Louis Pierre Gratiolet (1815-1865) and His Contribution to the Study of Cerebral Convolutions in Primates

DOI: 10.4236/nm.2014.51001   PDF   HTML   XML   6,487 Downloads   8,059 Views   Citations


Louis Pierre Gratiolet (1815-1865) was one of the first modern anatomists to pay attention to cerebral convolutions. Born in Sainte-Foy-la-Grande (Gironde), he moved to Paris in 1834 to study medicine, as well as comparative anatomy under Henri de Blainville (1777-1850). In 1842, he accepted de Blainville’s offer to become his assistant at the Muséum dhistoire naturelle and progressively abandoned medicine for comparative anatomy. He undertook a detailed study of brains of human and nonhuman primates and soon realized that the organizational pattern of cerebral convolutions was so predictable that it could serve as a criterion to classify primate groups. He noted that only the deepest sulci exist in lower primate forms, while the complexity of cortical folding increases markedly in great apes and humans. Gratiolet provided the first cogent description of the lobular organization of primate cerebral hemispheres. He saw the insula as a central lobe around which revolved the frontal, parietal, temporal (temporo-sphenoidal) and occipital lobes. He correctly identified most gyri and sulci on all brain surfaces, introduced the term plis de passage for some interconnecting gyri, and provided the first description of the optic radiations. In the early 1860s, Gratiolet fought a highly publicized battle against Paul Broca (1824-1880) on the relationship between brain and intelligence. Gratiolet agreed that the brain was most likely the seat of intelligence, but he considered human cognition far too subtle to have any direct relationship with brain size. He argued that a detailed study of the human brain architecture would be more profitable than Brocas vain speculations on the relationship between brain weight and intelligence, which he considered a monolithic entity. Despite remarkable scientific achievements and a unique teaching capacity, Gratiolet was unable to secure any academic position until three years before his sudden death in Paris at age 49.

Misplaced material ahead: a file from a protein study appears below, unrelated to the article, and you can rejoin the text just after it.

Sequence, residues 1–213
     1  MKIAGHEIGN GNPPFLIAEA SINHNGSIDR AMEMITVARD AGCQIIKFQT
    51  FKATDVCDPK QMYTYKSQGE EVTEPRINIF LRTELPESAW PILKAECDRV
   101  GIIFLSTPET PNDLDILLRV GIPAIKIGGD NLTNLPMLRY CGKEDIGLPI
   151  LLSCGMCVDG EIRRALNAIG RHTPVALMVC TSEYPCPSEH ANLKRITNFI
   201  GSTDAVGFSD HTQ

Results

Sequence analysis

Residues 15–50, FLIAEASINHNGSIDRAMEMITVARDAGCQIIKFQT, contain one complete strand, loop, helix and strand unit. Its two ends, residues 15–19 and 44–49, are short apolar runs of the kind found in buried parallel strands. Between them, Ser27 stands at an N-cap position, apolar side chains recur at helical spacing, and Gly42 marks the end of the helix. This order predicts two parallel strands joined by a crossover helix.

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Parent, A. (2014) Louis Pierre Gratiolet (1815-1865) and His Contribution to the Study of Cerebral Convolutions in Primates. Neuroscience and Medicine, 5, 1-8. doi: 10.4236/nm.2014.51001.

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The authors declare no conflicts of interest.


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